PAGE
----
From a New York Times editorial (17 February 2014): “Colleges may well require more administrators in the 21st century than they did in the 20th. The American Institutes for Research report suggests, among other factors, a growing need for employees wholly dedicated to fund-raising as state legislators reduce support for higher education. Nevertheless, the new college campus, rife with adjuncts and administrators, does not seem geared to fulfill what is, after all, the major mission of universities: educating students.”

Endowed Chairs, Tax Zones

Maryland’s E-novation Initiative! Maryland’s Regional Institution Strategic Enterprise (RISE)! Maryland Senate President Mike Miller and House Speaker Michael Busch have introduced a legislative agenda designed to expand economic development. There are two foci: One is the co-funding – with matching public and private funds – of endowed university chairs to recruit top science and technology people who would be expected to enhance innovation and economic opportunity. The second is the creation of reduced tax zones around campuses to enhance private investments and neighborhood revitalization. UMCP President Wallace Loh’s comments on the initiatives were published in the Baltimore Sun.

USM is AA+

At least financially. The three principal bonds ratings agencies—Standard & Poor’s, Moody’s, and Fitch—have informed USM that it will continue to be rated the strong AA+ with a “stable outlook.” So we won’t go broke, perhaps in small part due to the added tuition we’ll receive (see below).

Research Spending

We all know that Johns Hopkins is the regional leader – and the national leader too, with $2.1 billion in research spending. Of course, it helps to have a little semi-autonomous Applied Physics Laboratory. Regionally, UMCP comes in second (37th nationally) at $502 million, UMB is fourth (47th nationally) at $433 million, and UMBC is twelfth regionally (167th nationally) at $75 million. Ah the hunt for money. Getting money can enable lots of good, but there are some negatives too.

Kiplinger’s Best Value Public: Higher Ed in Maryland

The national rankings of best-value public campuses by Kiplinger are: 7 UMCP; 48 St. Mary’s College of MD; 63 Salisbury U.; 86 Towson U; 88 UMBC. Note: UNC was number 1. If the reader thinks that these rankings are highly valid for those who want to choose among them, then the reader should be referred to one of the fine counseling services at Maryland’s publics. Of course, the US Department of Education will have its own rating system soon. And its validity will also be suspect. One commentator: “It will create potentially perverse incentives for the schools themselves.” For instance, if graduates’ earnings are factors, we won’t admit students or offer programs leading to lower-paying jobs. And if graduation rates count, then we’ll ban grades of D and F. In the region among public colleges, Kiplinger ranks our UMCP first for “college values”; St. Mary’s College of Maryland comes in 9th.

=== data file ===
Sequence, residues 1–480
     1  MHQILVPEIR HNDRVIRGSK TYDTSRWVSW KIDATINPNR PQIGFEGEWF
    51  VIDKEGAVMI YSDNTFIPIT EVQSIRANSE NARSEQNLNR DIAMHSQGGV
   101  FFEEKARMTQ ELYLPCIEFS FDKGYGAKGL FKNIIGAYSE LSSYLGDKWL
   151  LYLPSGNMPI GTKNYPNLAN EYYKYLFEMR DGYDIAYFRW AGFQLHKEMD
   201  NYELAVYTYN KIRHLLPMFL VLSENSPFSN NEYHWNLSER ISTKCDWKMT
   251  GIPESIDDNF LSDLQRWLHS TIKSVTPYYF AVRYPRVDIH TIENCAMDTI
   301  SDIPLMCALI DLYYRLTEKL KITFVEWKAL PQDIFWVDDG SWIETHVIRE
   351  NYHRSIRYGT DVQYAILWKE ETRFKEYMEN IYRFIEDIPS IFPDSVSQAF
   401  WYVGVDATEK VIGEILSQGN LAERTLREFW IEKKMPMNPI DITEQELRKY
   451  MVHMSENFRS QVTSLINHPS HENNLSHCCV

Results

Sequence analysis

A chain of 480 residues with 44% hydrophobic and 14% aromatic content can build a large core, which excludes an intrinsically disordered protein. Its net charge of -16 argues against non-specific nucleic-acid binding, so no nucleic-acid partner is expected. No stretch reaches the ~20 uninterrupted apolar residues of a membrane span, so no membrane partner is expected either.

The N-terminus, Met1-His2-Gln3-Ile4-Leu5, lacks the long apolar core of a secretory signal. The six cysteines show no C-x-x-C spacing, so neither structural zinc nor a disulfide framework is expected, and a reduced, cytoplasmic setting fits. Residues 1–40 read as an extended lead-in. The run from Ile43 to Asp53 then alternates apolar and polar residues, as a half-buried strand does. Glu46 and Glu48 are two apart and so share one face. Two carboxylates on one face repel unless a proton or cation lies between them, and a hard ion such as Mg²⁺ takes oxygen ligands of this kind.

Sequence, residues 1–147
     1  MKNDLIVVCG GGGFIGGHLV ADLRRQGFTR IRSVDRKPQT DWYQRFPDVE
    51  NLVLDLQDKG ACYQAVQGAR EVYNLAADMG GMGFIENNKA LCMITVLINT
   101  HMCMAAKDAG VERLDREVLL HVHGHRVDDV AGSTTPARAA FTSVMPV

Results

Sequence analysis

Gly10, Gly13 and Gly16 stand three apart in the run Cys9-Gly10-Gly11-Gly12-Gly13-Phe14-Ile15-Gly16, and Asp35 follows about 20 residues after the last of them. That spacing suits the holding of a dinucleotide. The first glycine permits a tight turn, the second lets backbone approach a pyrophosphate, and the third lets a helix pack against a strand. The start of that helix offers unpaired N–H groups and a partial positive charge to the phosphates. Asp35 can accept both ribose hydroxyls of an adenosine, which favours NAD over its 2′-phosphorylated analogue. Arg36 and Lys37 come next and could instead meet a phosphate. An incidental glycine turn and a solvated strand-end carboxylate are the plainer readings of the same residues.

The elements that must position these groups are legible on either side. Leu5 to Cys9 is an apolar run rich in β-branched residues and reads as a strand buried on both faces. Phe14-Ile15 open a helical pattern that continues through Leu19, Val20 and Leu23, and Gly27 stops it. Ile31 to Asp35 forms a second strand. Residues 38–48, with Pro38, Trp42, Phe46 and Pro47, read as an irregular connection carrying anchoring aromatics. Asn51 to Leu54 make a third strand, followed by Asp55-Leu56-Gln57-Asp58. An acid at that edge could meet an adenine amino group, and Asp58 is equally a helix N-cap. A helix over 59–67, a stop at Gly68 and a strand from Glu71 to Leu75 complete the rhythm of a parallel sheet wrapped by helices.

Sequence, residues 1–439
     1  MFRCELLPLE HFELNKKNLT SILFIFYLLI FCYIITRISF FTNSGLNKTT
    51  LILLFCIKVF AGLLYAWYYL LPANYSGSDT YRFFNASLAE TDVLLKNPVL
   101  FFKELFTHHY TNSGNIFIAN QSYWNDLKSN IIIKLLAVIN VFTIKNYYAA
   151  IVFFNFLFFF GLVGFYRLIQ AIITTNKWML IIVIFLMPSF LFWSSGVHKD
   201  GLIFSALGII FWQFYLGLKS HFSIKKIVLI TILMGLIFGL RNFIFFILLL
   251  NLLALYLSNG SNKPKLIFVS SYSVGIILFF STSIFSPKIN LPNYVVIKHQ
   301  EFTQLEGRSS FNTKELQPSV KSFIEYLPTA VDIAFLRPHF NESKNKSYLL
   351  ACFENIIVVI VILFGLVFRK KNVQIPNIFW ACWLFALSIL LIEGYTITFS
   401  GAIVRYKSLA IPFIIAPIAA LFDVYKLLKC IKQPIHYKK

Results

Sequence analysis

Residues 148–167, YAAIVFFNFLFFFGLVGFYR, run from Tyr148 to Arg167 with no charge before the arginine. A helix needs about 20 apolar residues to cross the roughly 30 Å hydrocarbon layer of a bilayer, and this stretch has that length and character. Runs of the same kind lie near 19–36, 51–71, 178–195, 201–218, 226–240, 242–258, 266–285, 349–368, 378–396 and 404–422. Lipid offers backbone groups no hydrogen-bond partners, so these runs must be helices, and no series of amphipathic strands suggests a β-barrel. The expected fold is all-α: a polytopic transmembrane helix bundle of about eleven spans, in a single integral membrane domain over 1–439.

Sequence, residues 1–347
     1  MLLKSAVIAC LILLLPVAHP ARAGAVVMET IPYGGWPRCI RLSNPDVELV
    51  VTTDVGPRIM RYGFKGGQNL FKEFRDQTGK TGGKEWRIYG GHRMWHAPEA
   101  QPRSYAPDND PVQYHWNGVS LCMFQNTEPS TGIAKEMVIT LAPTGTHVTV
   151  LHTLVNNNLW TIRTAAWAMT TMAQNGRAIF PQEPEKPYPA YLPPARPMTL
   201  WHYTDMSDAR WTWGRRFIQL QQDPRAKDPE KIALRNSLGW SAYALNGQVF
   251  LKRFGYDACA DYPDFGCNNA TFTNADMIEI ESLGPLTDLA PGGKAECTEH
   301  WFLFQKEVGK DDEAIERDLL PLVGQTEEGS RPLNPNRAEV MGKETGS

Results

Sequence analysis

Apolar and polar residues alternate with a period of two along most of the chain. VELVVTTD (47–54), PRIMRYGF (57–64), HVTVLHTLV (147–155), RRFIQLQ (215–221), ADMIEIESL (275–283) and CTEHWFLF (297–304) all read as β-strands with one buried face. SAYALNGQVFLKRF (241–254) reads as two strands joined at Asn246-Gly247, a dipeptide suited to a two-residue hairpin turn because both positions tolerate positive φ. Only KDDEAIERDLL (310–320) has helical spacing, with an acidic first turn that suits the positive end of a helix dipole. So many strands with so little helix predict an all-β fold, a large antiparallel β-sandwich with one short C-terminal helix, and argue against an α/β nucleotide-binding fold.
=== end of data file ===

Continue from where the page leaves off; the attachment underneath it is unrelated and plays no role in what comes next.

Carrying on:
Notes: Whence and Whither

The Sabotaged American Dream?

Our title is part of the subtitle of Suzanne Mettler’s book, Degrees of Inequality: How the Politics of Higher Education Sabotaged the American Dream (2014). Money is of course key, and the author is very unhappy about the flood of funds to support the marginally effective private colleges while major public institutions struggle while raising tuition to levels many young people cannot afford. She’s also unhappy about the steep decline in state funding of higher education. Thus, “Over the past thirty years, our system of higher education has gone from facilitating upward mobility to exacerbating social inequality.”

Your Faculty Voice editor hereby reveals that he is not very young: When he entered UCLA as a freshman some years ago, he paid $32 for his first semester – plus perhaps $30 or so dollars for a couple of books. Now, the academic year in-state tuition ($12,692) plus the required add-ons of health insurance, books and supplies totaling $15,758. I doubt that my parents would have sent an unfocused sixteen-year-old to college if they had to pay that amount.

The Sabotaged Researcher’s Dream

Paul Baskin and Paul Voosen, in the Chronicle of Higher Education, write: “The budget of the National Institutes of Health, the single biggest supplier of research dollars to universities, hasn’t beat inflation in more than a decade. The National Science Foundation and other federal providers aren’t doing a lot better. On average, university researchers get into their 40s before securing their first independent grant. Full-time faculty research jobs are gradually being replaced by lower-paid contract work. Foreign competitors are matching or exceeding American science performance on a variety of important measures.” If the reader has strength, s/he should read the full article.